Swiss bank and global financial services company Credit Suisse Group said on Tuesday that it expects financial markets to remain tough after the firm started the year with a quarterly loss for the first time since 2008. Like most large financial and banking outfits, the company is embroiled in major restructuring in the wake of the financial crisis.

Investors heaved something of a sigh of relief after reportedly expecting the firm’s CHF302m (£216 m) loss to be deeper than it was. However, Chief Executive Tidjane Thiam said: “While we saw tentative signs of a pick-up in … March and then in April, subdued market conditions and low levels of client activity are likely to persist in the second quarter of 2016 and possibly beyond.”

Should we worry over London-listed banks?

I think we should head the warning here. Banking is a tough game to be in right now and the risk for investors is heightened because the London-listed banks such as HSBC Holdings (LSE: HSBA), Barclays (LSE: BARC) and Royal Bank of Scotland (LSE: RBS) have all seen their earnings recover since the financial crisis.

From up here, on top of a pile of healthy looking earnings from the banks, the view down is giddying. That’s the path of least resistance too — down.

And why shouldn’t banks’ earnings and share prices plummet from here? After all, banks have business models joined at the hip to the fickle gyrations of macroeconomic cycles. I’ve read financial gurus such as David Dreman stating that banks tend to be first in and first out of economic downturns and I think that’s a good rule of thumb to follow.

Back-to-front valuation measures

Following rules of thumb when it comes to investing in out-and-out cyclical firms has saved my bacon on numerous occasions in recent years. Another guru I’m fond of reading for advice on trading cyclicals such as the big banks is Peter Lynch. The one-time Fidelity fund manager sets out a great framework for trading cyclicals in his book Beating The Street.

In essence, Lynch has it that valuation measures tend to work back to front for the cyclicals and they look the most attractive when they’re at their most dangerous. To me, that means the big banks are dangerous right now.

Look at their valuations. HSBC’s forward price-to-earnings (P/E) ratio runs at 9.7 and the forward yield is 8%. Barclays and Royal bank of Scotland are both struggling to pay a decent dividend with forward yields of 1.8% and 2%, respectively, but their forward P/E ratings are low at 7.3 and 9.9. All three banks trade in Lynch’s danger zone, so I’m avoiding their shares.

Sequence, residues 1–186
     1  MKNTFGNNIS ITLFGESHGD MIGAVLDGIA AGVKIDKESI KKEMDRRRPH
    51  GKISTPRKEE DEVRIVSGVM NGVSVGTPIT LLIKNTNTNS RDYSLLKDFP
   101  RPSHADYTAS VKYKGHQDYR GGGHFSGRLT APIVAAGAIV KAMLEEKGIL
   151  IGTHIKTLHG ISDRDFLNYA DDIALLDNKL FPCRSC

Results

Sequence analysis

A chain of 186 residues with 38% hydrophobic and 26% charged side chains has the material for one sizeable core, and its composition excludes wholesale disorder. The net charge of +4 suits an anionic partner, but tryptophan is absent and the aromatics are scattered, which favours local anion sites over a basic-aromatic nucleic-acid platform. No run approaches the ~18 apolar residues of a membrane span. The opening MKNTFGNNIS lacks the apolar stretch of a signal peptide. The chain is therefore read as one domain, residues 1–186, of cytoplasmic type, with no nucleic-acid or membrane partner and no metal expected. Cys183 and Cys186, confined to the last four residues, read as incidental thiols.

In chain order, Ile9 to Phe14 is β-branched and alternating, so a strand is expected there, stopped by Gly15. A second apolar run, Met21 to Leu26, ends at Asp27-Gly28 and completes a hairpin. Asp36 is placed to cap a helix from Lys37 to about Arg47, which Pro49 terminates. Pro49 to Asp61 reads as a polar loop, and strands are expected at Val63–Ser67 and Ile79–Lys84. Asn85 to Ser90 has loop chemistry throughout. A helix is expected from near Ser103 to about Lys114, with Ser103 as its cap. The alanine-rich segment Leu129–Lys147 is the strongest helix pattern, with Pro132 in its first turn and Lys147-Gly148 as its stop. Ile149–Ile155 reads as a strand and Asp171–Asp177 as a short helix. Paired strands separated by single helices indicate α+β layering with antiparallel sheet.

Looking for better

I sold all my shares in the big banks more than two years ago, when it looked like the cyclical upsurge in bank share prices might be over. Since then, I’ve been banging away with bearish articles on the banks and, so far, that approach has served me well.

Maybe I’ll be wrong in the future and bank shares might go up, but with so many better, growing businesses on the stock market, I can’t see any reason to risk my hard-earned capital on what I perceive to be risky bank shares right now.

I'm avoiding the banks in favour of companies such as the quality, growing firms featured in this special Motley Fool investment paper.

Our analysts believe that focusing on high-quality businesses with an investment time horizon measured in years can produce market-beating returns. You can judge the strength of these stock market opportunities for yourself by downloading this free report right now.

Click the link that follows for instant access to research on five quality firms, free and without any obligation. To find out more, click here.

Kevin Godbold has no position in any shares mentioned. The Motley Fool UK has recommended Barclays and HSBC Holdings. We Fools don't all hold the same opinions, but we all believe that considering a diverse range of insights makes us better investors.